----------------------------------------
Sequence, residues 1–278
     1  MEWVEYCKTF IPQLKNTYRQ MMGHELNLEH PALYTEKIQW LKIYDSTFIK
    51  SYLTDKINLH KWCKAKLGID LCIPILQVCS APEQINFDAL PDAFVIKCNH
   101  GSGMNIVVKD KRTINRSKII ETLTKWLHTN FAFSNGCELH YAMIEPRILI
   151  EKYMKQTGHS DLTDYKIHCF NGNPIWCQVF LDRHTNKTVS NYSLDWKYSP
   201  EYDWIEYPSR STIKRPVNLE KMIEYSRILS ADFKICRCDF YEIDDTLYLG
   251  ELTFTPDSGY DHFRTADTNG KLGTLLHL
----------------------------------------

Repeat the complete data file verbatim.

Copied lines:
Sequence, residues 1–278
     1  MEWVEYCKTF IPQLKNTYRQ MMGHELNLEH PALYTEKIQW LKIYDSTFIK
    51  SYLTDKINLH KWCKAKLGID LCIPILQVCS APEQINFDAL PDAFVIKCNH
   101  GSGMNIVVKD KRTINRSKII ETLTKWLHTN FAFSNGCELH YAMIEPRILI
   151  EKYMKQTGHS DLTDYKIHCF NGNPIWCQVF LDRHTNKTVS NYSLDWKYSP
   201  EYDWIEYPSR STIKRPVNLE KMIEYSRILS ADFKICRCDF YEIDDTLYLG
   251  ELTFTPDSGY DHFRTADTNG KLGTLLHL